Double standards that protect political allies

11 07 2015

The military junta has an uneasy relationship with the anti-democrats who paved the way for its 2014 military coup.

On the one hand, there can be little doubt that the military brass had numerous political alliances with Suthep Thaugsuban’s People’s Democratic Reform Committee, as it agitated to provide a pretext for yet another military intervention. On the other hand, the military brass is always concerned about anyone or any group that can mobilize outside its control. (The military does not mind mobilizing its own groups for political purpose.)

Despite this uneasiness, the military junta knows that its relationship with the PDRC was critical for kicking out another Shinawatra government and providing the royalist elite with another opportunity to reorganize its dominant political position.

It is in this context that a recent Bangkok Post story that reports that the disruption of the 2014 election by PDRC protesters was “constitutional” should come as no surprise.

The Criminal Court dismissed the case filed by public prosecutors against PDRC members who surrounded the Din Daeng District Office to prevent officials from distributing ballots to polling places. This action meant that “no voters in the district could exercise their right [to vote]…”.

The court ruled the PDRC action “was legitimate based on a judgement by the Constitutional Court.”

The protest “at the district office was also peaceful and unarmed. Besides, there was no proof all the suspects padlocked the gate of the office as accused by the prosecutors…”. In fact, much violence occurred prior to election day as the PDRC created a situation that was meant to intimidate voters and those election officials who weren’t already aligned with the anti-democrats.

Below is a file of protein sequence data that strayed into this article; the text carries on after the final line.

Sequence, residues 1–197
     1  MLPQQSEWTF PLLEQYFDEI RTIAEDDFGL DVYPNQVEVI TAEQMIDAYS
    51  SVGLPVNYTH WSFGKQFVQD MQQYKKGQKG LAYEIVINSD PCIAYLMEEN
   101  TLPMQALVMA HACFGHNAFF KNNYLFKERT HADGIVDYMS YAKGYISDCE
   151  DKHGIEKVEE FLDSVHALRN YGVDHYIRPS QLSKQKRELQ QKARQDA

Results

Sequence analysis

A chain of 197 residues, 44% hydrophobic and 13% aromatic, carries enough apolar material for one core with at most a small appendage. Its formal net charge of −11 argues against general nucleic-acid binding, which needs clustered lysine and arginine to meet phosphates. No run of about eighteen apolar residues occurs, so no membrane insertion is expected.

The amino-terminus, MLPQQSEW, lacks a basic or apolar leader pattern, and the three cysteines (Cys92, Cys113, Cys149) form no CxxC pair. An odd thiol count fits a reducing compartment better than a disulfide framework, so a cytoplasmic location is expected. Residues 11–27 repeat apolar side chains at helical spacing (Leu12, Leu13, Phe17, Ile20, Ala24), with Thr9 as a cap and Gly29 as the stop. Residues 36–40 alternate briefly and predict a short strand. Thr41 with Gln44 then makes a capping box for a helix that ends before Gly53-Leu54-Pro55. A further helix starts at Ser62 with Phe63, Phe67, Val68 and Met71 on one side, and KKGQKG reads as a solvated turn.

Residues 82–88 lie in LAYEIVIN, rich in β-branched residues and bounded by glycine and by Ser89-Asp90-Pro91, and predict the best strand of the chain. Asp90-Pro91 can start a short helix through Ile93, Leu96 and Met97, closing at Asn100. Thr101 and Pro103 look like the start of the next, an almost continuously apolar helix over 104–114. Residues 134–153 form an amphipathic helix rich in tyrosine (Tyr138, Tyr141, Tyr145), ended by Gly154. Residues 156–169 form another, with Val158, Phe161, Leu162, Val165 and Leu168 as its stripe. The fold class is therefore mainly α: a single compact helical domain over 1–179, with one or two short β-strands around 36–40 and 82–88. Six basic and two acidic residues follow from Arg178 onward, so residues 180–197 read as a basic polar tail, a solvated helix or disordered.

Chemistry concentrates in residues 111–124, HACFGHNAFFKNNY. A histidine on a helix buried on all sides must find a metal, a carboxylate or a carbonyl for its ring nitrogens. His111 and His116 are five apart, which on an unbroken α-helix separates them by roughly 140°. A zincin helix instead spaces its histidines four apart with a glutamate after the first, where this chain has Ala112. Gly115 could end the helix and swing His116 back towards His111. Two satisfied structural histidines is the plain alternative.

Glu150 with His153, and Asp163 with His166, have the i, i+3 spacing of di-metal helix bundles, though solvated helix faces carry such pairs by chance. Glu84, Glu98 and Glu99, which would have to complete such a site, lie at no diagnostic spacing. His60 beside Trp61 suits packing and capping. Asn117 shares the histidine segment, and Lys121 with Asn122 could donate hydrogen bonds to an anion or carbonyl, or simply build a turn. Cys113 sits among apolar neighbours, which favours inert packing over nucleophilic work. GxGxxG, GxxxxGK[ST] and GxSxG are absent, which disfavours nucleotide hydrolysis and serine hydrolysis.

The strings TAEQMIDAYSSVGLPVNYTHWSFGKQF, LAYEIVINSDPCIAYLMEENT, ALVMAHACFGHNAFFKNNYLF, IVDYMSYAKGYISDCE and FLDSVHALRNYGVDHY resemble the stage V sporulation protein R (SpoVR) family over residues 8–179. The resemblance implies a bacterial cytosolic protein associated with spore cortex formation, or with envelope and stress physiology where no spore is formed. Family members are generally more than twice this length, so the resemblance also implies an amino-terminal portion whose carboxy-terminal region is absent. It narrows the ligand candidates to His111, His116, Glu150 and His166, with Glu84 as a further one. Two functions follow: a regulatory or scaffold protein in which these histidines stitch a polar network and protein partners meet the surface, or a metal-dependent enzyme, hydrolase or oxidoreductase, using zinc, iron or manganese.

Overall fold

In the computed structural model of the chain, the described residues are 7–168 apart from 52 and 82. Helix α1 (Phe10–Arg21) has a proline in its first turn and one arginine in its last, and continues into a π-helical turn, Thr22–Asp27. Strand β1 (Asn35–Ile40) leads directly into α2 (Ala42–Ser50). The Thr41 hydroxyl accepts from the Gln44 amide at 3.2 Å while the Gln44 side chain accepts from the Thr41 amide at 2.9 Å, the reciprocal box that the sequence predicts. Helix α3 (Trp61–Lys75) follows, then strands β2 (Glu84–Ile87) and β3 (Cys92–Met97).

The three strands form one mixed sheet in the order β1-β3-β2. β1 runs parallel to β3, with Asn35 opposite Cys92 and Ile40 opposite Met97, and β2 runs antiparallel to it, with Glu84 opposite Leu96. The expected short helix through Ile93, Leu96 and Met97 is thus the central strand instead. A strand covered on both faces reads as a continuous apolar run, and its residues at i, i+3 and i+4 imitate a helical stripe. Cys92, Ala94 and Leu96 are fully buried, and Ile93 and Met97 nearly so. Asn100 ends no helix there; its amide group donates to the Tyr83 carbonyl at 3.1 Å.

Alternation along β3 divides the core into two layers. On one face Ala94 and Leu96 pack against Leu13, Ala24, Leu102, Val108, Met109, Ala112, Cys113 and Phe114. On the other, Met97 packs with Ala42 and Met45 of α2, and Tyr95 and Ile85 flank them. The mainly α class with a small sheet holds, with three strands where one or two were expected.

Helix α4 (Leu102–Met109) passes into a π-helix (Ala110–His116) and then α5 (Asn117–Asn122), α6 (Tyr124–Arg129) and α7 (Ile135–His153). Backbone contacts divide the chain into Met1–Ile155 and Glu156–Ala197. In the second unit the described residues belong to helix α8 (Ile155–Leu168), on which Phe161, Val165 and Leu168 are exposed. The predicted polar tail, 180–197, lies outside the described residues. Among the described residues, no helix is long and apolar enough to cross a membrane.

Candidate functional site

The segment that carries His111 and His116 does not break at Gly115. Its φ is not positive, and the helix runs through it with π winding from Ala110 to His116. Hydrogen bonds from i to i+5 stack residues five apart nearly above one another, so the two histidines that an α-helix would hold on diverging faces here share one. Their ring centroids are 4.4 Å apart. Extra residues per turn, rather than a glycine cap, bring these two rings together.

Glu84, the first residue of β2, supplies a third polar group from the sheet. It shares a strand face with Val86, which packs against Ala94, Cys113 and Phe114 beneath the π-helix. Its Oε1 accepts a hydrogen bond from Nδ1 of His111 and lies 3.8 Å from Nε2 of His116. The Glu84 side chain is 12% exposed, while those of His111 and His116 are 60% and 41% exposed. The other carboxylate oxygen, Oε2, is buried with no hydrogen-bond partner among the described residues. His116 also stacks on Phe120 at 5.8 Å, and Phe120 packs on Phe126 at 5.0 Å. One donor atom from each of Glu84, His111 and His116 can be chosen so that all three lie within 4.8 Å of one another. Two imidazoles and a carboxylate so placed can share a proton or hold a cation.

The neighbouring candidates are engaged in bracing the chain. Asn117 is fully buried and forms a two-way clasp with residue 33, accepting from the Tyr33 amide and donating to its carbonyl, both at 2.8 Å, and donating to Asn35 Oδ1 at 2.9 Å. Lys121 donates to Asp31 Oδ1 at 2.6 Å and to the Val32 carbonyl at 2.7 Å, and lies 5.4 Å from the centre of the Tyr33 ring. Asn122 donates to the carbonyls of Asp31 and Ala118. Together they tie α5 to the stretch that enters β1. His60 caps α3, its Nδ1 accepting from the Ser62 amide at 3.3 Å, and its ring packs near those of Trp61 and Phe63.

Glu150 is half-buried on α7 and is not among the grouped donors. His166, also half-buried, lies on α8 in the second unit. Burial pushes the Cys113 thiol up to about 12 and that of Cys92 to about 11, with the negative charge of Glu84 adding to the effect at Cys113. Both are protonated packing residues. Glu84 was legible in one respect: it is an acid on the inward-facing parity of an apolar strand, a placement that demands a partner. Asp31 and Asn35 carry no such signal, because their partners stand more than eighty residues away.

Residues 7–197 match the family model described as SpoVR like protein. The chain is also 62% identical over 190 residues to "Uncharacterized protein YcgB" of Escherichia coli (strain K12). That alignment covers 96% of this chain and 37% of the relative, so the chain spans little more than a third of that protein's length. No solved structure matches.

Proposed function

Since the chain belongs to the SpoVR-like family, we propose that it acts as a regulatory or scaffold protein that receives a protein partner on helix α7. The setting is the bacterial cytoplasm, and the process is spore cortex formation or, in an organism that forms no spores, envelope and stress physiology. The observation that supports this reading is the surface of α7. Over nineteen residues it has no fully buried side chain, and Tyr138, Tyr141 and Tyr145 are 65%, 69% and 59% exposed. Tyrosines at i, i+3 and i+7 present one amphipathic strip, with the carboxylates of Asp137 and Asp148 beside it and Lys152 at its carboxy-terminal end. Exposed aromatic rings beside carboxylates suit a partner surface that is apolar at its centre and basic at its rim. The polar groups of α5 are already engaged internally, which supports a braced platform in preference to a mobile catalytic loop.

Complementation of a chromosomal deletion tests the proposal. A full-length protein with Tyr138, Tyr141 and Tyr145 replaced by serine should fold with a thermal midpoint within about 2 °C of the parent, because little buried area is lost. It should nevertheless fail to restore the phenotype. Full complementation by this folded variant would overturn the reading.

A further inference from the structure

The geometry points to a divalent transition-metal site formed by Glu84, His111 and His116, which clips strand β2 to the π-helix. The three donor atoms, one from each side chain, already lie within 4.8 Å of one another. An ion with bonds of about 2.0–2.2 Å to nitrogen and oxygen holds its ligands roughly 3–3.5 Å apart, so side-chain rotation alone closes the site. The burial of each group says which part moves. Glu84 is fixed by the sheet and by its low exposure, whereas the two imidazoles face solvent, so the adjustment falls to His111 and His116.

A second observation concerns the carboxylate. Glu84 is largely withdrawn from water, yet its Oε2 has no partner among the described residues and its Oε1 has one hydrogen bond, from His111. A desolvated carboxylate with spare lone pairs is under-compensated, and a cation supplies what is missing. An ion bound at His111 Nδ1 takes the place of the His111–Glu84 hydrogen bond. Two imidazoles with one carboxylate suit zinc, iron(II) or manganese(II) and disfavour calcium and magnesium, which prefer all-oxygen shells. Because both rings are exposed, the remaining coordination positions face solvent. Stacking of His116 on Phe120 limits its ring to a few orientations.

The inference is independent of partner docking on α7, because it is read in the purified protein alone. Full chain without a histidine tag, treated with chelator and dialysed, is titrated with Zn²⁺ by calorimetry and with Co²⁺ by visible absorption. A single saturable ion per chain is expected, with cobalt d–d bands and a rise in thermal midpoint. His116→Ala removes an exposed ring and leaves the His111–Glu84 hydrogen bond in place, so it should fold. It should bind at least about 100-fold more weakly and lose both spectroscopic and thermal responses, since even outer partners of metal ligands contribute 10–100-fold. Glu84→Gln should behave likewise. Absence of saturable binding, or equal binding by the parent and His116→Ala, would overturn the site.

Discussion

There are other PDRC thugs awaiting trial on similar charges. They can be fairly confident that they will now walk free after having deprived voters of their constitutional rights.


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12 07 2015
Supporting anti-democrat political allies | Political Prisoners in Thailand

[…] In another case indicating the uneasy relationship between the junta and its political allies of the…, the apology issued to PDRC and People’s Alliance for Democracy coordinator Supot Piriyakiatsakul stands out. […]

12 07 2015
Supporting anti-democrat political allies | Political Prisoners of Thailand

[…] In another case indicating the uneasy relationship between the junta and its political allies of the…, the apology issued to PDRC and People’s Alliance for Democracy coordinator Supot Piriyakiatsakul stands out. […]

7 04 2016
Just say NO | Political Prisoners in Thailand

[…] Now tell us we are wrong, but didn’t junta allies and all of those anti-democrats deliberately and violently disrupt the 2014 election? And wasn’t it the military and other royalists in the judiciary who declared all of this disruption legal? […]

8 04 2016
Just say NO | Political Prisoners of Thailand

[…] Now tell us we are wrong, but didn’t junta allies and all of those anti-democrats deliberately and violently disrupt the 2014 election? And wasn’t it the military and other royalists in the judiciary who declared all of this disruption legal? […]